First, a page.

The National Aeronautics and Space Administration’s (NASA) Mars Curiosity rover has made several groundbreaking discoveries ever since it landed on the Red Planet back in 2012. The latest in line is the discovery of organic compounds – molecules containing carbon and hydrogen, along with other elements- in rocks of Mars.
The rover drilled about 2 inches (5 cm) into a 3.5 billion-year-old fine-grained sedimentary rock in Gale crater, which was once home to streams and lakes of liquid water. This evidence is an indication that ancient life may have once existed on the Red Planet. The discovery suggests that conditions on Mars could once have been like those currently on Earth.
NASA’s Jennifer Eigenbrode and his international team of scientists used Discovery’s Sample Analysis at Mars (SAM) instrument to examine samples that had been gathered from Mars’ Gale crater. What Sam does is that it heats rock samples to release any organic compounds that may be present. The emitted gases are then analyzed using a gas chromatograph mass spectrometer and a laser spectrometer.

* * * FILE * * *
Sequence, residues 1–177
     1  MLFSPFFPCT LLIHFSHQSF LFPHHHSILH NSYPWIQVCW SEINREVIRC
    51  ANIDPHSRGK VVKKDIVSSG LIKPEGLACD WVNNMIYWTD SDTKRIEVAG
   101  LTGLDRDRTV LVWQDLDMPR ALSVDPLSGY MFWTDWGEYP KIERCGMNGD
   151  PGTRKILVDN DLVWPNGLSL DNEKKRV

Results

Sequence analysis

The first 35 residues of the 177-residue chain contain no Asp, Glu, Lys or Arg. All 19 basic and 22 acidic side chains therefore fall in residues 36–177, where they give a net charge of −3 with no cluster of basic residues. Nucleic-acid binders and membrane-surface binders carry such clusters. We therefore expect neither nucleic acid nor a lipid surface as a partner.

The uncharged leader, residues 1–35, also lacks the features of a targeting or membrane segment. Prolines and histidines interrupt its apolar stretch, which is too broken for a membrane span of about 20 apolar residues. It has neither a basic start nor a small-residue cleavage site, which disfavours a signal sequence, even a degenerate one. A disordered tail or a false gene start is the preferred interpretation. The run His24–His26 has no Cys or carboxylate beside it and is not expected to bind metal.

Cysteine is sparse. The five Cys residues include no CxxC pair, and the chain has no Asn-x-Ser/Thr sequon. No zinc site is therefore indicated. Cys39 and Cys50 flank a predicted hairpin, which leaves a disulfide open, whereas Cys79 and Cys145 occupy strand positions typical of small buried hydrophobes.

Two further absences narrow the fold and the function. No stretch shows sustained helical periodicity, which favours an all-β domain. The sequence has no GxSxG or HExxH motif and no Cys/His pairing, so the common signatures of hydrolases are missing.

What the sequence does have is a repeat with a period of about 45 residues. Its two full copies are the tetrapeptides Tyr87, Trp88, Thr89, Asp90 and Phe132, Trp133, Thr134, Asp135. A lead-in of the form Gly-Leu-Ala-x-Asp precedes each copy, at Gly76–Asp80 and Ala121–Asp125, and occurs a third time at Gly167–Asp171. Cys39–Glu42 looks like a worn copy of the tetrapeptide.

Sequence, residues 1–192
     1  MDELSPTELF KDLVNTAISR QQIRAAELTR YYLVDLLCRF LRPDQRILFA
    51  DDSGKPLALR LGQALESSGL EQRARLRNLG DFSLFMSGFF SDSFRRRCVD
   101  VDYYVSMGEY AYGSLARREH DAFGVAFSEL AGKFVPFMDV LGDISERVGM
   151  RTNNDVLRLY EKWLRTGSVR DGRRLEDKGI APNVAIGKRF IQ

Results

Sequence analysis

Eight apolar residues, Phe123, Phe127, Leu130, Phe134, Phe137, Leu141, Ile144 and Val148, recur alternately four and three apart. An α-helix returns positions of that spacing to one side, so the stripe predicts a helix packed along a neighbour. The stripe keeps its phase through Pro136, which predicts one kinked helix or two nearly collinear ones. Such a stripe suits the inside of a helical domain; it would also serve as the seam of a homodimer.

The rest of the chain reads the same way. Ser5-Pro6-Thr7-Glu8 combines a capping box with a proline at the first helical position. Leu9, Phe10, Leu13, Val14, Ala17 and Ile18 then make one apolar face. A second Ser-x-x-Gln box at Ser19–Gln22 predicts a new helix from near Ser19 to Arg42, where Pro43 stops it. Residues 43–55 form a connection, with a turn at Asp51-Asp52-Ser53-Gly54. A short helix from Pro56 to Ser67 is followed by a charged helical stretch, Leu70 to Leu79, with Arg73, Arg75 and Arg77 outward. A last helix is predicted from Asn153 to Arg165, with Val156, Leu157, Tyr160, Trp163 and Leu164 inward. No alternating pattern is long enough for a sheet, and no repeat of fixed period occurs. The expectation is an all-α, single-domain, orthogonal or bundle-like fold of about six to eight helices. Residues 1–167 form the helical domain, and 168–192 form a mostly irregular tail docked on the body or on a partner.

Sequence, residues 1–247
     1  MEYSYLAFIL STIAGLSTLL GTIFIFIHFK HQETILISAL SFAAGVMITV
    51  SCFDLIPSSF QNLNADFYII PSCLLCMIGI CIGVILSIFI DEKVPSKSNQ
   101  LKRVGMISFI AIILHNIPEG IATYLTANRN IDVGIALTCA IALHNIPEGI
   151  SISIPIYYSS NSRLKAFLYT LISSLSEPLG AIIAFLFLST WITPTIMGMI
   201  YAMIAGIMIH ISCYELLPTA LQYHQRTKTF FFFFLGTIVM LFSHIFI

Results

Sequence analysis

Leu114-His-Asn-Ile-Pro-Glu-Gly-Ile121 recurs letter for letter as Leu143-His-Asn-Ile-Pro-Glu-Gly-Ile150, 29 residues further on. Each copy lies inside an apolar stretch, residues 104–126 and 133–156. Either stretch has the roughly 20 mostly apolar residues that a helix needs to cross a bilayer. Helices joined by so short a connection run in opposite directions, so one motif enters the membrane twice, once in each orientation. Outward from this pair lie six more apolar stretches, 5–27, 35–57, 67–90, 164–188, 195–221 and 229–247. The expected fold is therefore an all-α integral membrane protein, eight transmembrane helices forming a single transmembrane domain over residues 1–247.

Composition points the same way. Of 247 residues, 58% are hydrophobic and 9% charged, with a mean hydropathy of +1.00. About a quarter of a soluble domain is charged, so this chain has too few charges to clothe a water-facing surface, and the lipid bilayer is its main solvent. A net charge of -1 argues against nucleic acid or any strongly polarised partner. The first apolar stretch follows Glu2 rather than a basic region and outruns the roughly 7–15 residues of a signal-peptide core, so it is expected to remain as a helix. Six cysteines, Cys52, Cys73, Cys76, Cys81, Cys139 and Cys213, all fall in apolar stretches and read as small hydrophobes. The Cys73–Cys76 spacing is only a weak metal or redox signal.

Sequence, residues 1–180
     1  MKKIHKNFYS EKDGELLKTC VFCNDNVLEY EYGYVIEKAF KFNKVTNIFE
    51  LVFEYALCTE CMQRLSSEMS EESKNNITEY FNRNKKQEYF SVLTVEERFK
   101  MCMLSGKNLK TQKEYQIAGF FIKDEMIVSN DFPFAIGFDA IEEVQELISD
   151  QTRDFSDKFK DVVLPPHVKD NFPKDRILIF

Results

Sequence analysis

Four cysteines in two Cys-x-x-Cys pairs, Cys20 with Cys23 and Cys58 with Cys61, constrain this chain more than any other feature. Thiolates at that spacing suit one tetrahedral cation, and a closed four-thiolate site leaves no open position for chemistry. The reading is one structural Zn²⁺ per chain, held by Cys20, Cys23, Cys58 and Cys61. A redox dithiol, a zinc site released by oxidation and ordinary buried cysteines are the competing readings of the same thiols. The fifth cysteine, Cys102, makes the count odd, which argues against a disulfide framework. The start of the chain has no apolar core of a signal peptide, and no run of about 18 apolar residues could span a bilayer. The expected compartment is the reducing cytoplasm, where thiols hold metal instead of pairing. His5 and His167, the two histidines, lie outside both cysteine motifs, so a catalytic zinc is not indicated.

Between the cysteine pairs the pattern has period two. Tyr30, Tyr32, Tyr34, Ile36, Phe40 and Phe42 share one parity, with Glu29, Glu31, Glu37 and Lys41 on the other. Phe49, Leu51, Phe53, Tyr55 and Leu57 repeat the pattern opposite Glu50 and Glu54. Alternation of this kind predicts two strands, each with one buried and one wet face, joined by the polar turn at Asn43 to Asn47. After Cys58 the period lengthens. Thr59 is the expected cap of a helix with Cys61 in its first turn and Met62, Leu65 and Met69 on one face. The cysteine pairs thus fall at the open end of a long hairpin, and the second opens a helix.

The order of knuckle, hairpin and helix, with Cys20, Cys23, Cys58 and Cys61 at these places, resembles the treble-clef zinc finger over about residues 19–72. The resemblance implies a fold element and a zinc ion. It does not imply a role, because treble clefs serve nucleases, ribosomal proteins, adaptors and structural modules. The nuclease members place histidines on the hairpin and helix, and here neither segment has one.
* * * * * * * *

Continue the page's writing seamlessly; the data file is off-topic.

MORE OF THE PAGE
It is believed that the presence of an organic compound in Mars rocks could likely have been produced by ancient life. However, there are also chances that the molecules were created in the complete absence of life.
“Curiosity has not determined the source of the organic molecules,” said Eigenbrode. “Whether it holds a record of ancient life, was food for life, or has existed in the absence of life, organic matter in materials holds chemical clues to planetary conditions and processes.”
In short, the mere presence of organic molecules on Mars is not a 100 percent proof of life on the planet, but with the new evidence, the possibility certainly can’t be completely ruled out. So, NASA scientists want to keep searching for more evidence of life on Mars.
The research findings have been detailed in two papers in the journal Science.